Warming Up To Cold Forming


Republished from the August 2014 issue of Design News
New product development (NPD) teams are always looking for a competitive edge that will allow them to make their electronic devices smaller, appliances more reliable, vehicles safer, or instruments more precise. These products often call for highly engineered metal components on an increasingly miniaturized scale, and the demand for these miniature and micro metal components is accelerating. Those developing such products have a variety of choices in sourcing these components, seeking to meet critical functional specifications without compromise to design for manufacture (DFM), design for assembly (DFA), quality and cost.

Weighing the available processes against one another according to cost-benefit criteria by which they are typically assessed brings to the forefront one process that is often overlooked.

Cold forging, or cold forming, is the application of force with a punch to a metal blank staged in a die. The force exceeds the alloy’s elastic limit, causing plastic flow until the metal blank assumes the shape bound by the punch and the die. As the name implies, this method of forming is achieved by force alone, forgoing the application of additional heat or cutting and shearing.

Consider the advantages and disadvantages highlighted in the accompanying table. Following the table are three examples of cold forged components and a discussion of why it is that cold forming is so often overlooked when sourcing a component producer.

Product Development Concerns Regarding Micro Component Manufacturing Processes



Examples of cold formed components

Glass to Metal Seal with Terminal Flattened and a Pierced Oval Hole

Use: Terminal component in high volume glass to metal seal (hermetic) electronics devices.

Material: Expansion Alloy: 52 alloy (nickel/iron alloy) per ASTM F-30 glass-to-metal seal quality.

Manufacturing Method:
  • Formed & pierced on a slide machine. Complete off machine.

Notable Features:
  • Very good surface finish present on the sealing surfaces. No leak paths.
  • Hole (oval) diameter is centered inside terminal flat area.
  • Hole diameter held to +/- .002" (+/- .05mm).
  • Flat end is trimmed perpendicular to lead axis.

Advantages:
  • Material waste is minimal.
  • Cold forming the pin eliminates the presence of spiral machining lines.
  • Production speeds are high allowing for low production costs on high volume production runs. Much faster than machining/much less material cost than machining.

Ceramic Surge Protector Component

Use: Mounting surface/heat sink for diode chip.

Material: CDA 102 oxygen free copper/high conductivity.

Manufacturing Method:
  • Multi Die cold formed.
  • Manufactured as a complete part on proprietary manufacturer designed & built cold form tooling.

Notable Features:
  • Micro dimples (.010", .3mm) on minor OD.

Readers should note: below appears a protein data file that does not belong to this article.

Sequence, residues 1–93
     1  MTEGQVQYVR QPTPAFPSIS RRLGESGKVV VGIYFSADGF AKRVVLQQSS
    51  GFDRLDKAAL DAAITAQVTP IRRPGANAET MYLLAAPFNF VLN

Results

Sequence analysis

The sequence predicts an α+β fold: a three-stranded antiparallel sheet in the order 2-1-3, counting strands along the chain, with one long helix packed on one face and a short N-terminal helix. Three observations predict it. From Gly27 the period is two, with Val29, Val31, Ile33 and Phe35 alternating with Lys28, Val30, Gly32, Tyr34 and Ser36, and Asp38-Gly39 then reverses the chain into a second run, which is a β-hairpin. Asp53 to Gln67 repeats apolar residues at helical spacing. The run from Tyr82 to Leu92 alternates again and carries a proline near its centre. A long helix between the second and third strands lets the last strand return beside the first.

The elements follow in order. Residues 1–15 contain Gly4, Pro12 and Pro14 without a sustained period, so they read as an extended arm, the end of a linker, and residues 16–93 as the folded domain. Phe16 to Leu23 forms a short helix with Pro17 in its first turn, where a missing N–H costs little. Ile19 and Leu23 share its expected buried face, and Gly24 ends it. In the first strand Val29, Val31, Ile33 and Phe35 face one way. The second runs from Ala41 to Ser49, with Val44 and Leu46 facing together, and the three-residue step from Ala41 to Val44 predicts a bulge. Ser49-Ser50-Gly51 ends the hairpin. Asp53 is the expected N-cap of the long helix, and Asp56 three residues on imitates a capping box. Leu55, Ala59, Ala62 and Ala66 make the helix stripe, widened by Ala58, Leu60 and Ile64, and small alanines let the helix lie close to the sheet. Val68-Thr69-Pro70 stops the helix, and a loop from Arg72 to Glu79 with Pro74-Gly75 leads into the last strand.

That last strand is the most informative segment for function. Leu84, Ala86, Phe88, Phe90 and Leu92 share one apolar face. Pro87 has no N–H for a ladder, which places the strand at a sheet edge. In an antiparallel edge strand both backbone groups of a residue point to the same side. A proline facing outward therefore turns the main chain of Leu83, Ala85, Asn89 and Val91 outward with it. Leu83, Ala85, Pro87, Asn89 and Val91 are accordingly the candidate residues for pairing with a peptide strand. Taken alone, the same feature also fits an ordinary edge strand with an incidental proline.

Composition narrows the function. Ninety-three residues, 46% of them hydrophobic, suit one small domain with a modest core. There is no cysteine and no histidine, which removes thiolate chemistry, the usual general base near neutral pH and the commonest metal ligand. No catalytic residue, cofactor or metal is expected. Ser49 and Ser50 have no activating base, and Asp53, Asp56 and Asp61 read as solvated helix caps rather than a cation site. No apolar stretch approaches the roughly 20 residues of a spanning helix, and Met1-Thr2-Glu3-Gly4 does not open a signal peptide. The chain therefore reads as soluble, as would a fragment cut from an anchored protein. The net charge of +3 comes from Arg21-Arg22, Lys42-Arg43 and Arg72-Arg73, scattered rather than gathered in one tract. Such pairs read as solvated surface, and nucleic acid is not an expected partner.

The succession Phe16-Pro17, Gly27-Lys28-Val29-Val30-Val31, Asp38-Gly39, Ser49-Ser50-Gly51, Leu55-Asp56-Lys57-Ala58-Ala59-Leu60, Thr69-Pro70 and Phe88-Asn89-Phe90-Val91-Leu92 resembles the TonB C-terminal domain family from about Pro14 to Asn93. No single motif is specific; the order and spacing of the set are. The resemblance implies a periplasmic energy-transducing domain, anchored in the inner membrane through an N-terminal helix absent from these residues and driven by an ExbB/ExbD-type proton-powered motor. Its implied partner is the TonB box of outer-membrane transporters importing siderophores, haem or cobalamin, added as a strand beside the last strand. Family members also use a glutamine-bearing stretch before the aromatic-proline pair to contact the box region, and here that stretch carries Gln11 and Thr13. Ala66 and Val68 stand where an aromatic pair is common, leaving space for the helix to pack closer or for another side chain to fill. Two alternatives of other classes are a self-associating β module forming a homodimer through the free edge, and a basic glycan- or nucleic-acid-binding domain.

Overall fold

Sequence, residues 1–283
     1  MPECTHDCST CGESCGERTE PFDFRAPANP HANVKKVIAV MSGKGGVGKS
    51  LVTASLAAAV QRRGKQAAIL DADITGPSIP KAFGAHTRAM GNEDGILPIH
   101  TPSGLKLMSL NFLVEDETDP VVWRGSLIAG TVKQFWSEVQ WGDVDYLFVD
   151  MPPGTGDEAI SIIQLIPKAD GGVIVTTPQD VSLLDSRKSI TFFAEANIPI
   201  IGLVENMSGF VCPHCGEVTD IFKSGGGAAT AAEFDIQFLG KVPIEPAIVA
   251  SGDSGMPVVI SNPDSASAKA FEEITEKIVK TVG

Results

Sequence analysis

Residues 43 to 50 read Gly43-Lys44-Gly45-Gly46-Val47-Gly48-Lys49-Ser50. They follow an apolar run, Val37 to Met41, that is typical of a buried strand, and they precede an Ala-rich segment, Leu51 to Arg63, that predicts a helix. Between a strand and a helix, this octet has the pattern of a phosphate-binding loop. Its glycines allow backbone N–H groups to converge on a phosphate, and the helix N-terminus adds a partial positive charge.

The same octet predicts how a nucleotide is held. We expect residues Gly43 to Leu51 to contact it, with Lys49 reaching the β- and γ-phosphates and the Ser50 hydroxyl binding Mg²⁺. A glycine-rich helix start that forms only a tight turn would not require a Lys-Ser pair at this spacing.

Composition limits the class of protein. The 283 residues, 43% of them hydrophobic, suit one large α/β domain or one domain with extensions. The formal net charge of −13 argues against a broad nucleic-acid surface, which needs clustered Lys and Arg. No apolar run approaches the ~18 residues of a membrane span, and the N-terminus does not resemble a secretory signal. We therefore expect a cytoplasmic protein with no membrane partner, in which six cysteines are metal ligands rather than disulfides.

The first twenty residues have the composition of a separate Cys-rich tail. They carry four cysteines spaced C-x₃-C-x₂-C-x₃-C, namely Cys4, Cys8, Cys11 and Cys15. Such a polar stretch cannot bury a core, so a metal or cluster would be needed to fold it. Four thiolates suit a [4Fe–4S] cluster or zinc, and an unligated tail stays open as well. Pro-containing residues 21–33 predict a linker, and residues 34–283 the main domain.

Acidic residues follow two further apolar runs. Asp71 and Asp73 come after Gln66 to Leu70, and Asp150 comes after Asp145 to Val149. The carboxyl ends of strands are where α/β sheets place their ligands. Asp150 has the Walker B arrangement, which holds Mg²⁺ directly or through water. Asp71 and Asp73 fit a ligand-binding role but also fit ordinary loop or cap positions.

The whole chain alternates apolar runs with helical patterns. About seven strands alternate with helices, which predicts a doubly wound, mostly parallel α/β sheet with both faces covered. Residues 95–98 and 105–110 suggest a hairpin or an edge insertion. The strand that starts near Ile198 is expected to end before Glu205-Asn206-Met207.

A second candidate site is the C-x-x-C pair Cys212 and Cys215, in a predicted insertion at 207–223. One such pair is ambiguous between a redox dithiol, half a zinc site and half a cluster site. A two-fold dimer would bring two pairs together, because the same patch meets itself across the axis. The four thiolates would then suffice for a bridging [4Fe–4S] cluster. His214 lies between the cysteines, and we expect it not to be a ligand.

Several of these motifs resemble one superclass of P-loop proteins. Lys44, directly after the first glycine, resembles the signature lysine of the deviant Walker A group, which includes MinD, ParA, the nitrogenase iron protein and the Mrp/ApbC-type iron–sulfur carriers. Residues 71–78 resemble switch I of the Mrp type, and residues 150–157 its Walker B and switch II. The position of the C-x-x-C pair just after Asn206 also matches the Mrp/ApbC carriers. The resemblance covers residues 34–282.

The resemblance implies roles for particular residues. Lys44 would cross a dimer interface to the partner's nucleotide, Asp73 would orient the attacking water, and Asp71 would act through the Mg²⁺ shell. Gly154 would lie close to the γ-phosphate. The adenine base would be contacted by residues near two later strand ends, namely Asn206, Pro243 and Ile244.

• Sharp corners on pedestal edges.
  • Smooth finish on .040" diameter surface (die mount surface).
  • Note: precise chamfer on one end.

Advantages:
  • Formed from wire. No machining needed.
  • Production speeds are high allowing for low production costs. Much faster than machining or turning.

Stainless Steel Eyelet

Use: Glass to metal seal body used in airbag igniters.

Manufacturing Method:
  • Multi Die cold formed.
  • Manufactured as a complete part on proprietary designed & built cold form tooling.

Notable Features:
  • Double Diameter OD major & minor ODs.
  • Center hole is a through hole with high surface finish.

Advantages:
  • Formed from wire with minor (planned) scrap.
  • Production speeds are high allowing for low production costs. Much faster than machining or grinding.
  • The inside diameter is punched and therefore there are no spiral drill lines that would create a leak path.
  • Top surface is flat with a good surface finish for wire bonding.
  • Rectangular feature is inexpensively cold formed much more efficient than machining.
  • Material is suitable for welding (low carbon content).

Bringing Cold Forging In From the Cold

So, if cold forging is so great, why isn’t everybody using it?

In Academia, industrial and manufacturing engineering programs include design for machining as a fairly standard undergraduate requisite, whereas cold forging is barely mentioned. Universities offering advanced coursework in design for cold forging are few and far between compared to the ubiquity of programs of study offering design for injection molding, stamping, and machining.

Once out of academic settings, few commercial training programs offer much in the way of cold forming training either. Because micro-component manufacturers offering cold forging are rare, so are manufacturers offering the necessary design training, so in order to maintain a proficiency in cold forging techniques, much of the commercial training in cold forging must be provided by the makers of the cold forge equipment themselves. This training, however, is mostly geared toward the purchasers of the cold forge machinery, and not the product engineers.

Consequently, new product development teams reach for the tools they know, and rarely do those on the team have experience with design for cold forging as a tool in their toolbox. This means that in order for cold forging companies to thrive in a marketplace of engineers unfamiliar with their process, they must offer fully vertically integrated service, bringing to the table knowledge of every step of making a part that meets customer specifications. New product development teams can expect far more than just a contract component manufacturer. They can expect collaboration on all levels of the component development, from material election, to design, to prototype, to production. Sussex Wire can assist you in gaining that competitive edge without compromising quality.

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